Plaintiff essentially contends that the vocational expert's testimony regarding the number of positions available for the jobs of packager, inspector, and assembler was not reliable, and therefore could not serve as substantial evidence supporting the ALJ's determination at step five that the representative jobs existed in "significant numbers" in the national economy. (Plaintiff's Motion at 8-14; Reply at 3-7). The Court agrees that a remand is warranted to permit the ALJ properly to consider the Job Browser Pro reports and to reevaluate whether substantial evidence supports the non-disability determination at step five.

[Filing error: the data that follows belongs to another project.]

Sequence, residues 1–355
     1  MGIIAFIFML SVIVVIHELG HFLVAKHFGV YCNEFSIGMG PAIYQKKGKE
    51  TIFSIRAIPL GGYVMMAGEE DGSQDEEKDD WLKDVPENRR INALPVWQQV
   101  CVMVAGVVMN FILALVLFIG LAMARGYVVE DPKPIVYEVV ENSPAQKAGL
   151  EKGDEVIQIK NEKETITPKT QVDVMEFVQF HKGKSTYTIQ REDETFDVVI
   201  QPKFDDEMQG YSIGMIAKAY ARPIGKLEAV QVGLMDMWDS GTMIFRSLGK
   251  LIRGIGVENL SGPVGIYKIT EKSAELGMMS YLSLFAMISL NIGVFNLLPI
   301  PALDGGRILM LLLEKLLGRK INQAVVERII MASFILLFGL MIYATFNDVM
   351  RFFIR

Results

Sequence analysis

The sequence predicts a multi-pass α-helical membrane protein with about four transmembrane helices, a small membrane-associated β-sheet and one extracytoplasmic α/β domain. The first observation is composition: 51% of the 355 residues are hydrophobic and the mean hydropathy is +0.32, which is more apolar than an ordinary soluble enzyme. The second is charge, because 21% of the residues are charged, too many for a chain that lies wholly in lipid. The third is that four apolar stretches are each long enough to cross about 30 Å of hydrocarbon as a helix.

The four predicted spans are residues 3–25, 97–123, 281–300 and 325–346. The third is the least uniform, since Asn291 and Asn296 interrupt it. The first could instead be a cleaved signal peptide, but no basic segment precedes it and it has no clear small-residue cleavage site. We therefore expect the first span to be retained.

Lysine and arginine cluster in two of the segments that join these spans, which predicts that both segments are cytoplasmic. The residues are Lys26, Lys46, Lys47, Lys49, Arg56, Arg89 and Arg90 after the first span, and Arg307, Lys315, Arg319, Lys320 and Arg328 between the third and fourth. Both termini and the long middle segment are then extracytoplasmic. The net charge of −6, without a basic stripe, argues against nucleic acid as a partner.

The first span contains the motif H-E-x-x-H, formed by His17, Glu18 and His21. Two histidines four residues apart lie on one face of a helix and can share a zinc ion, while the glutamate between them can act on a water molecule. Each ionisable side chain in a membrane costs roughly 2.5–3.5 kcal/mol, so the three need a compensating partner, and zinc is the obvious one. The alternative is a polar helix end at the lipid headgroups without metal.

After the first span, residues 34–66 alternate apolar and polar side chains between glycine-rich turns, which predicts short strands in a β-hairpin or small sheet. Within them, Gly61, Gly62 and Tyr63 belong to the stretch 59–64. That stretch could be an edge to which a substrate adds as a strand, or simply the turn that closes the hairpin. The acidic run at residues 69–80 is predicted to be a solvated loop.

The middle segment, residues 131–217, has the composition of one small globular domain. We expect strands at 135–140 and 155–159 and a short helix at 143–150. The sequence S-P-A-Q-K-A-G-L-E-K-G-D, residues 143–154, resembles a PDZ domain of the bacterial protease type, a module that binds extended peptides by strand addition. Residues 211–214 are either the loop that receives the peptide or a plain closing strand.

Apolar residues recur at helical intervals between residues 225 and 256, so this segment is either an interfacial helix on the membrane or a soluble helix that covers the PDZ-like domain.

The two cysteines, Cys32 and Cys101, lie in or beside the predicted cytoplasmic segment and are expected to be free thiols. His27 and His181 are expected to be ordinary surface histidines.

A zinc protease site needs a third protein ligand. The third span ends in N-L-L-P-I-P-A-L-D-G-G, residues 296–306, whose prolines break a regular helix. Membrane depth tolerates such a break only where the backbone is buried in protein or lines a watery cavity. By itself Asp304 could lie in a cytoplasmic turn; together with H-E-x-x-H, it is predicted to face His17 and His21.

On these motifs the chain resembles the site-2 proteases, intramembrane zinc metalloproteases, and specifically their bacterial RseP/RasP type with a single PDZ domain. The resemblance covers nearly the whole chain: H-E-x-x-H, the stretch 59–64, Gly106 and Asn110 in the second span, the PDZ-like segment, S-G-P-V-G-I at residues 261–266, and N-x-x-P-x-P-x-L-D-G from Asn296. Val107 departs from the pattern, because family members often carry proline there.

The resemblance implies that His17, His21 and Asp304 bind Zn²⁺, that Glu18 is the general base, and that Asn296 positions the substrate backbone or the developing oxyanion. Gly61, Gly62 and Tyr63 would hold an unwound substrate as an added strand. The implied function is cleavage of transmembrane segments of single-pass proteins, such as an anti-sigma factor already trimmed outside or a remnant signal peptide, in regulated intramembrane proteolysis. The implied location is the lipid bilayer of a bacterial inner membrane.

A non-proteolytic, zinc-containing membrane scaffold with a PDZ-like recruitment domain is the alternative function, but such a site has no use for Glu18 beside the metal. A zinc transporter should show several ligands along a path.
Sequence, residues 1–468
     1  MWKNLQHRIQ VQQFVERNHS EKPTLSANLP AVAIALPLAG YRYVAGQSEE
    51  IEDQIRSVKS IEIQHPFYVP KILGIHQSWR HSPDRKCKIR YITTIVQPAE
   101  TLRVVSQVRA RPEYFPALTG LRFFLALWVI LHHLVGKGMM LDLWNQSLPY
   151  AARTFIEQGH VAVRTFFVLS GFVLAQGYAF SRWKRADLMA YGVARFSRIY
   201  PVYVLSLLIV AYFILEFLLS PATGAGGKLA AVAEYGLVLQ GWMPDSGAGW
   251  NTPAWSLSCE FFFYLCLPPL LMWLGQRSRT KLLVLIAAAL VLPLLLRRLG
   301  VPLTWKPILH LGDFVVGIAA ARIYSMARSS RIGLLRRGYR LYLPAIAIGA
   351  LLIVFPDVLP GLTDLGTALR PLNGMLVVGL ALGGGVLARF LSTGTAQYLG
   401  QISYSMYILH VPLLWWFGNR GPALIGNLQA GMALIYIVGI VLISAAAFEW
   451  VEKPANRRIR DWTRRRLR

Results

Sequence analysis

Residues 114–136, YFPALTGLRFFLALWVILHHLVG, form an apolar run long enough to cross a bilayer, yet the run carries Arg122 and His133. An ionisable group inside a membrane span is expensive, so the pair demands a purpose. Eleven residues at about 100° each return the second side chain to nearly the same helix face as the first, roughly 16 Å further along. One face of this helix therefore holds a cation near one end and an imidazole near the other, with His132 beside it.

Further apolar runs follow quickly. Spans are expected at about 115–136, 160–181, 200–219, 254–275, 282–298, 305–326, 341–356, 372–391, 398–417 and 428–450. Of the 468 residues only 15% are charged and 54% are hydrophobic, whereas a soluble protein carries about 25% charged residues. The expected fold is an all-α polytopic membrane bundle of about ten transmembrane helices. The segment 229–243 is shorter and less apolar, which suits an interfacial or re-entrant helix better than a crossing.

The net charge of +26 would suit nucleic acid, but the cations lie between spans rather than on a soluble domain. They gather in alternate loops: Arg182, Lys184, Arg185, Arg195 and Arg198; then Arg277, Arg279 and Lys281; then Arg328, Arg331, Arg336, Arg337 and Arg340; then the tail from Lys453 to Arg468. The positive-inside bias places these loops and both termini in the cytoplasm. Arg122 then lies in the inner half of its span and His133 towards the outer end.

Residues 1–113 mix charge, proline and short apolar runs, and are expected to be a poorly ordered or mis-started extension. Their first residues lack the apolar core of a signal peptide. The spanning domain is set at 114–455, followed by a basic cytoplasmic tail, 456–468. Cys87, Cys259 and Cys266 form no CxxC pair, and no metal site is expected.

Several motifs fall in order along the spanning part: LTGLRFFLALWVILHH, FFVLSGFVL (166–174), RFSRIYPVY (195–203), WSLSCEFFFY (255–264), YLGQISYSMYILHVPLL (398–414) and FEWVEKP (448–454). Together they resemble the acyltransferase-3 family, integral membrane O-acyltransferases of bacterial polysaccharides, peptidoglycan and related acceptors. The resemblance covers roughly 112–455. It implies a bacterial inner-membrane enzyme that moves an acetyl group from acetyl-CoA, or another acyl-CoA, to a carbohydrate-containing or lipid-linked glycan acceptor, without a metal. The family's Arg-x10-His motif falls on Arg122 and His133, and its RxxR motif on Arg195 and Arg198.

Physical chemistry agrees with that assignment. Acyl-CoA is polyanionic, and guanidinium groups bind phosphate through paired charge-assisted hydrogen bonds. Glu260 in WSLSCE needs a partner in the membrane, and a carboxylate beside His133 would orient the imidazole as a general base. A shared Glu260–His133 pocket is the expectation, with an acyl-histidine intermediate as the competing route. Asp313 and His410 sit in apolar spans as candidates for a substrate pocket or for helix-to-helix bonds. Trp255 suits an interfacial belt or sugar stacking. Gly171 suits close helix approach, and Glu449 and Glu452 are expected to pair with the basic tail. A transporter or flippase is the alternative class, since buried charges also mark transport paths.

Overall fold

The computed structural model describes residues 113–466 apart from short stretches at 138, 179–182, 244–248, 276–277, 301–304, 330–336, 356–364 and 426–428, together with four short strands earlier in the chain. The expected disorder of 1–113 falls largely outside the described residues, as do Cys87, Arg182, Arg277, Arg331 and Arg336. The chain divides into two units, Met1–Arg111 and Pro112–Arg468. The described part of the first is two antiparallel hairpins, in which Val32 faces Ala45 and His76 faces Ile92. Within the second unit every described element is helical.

First, the ALJ said nothing in the decision about the Job Browser Pro reports plaintiff provided after the Post-Remand Hearing. For the reasons discussed below, the Job Browser Pro reports were significant probative evidence that the ALJ should have considered at step five. The ALJ's silent disregard of such evidence was legal error. See Vincent v. Heckler , 739 F.2d 1393, 1394-95 (9th Cir. 1984) (ALJ must provide explanation when rejecting "significant probative evidence") (citation omitted).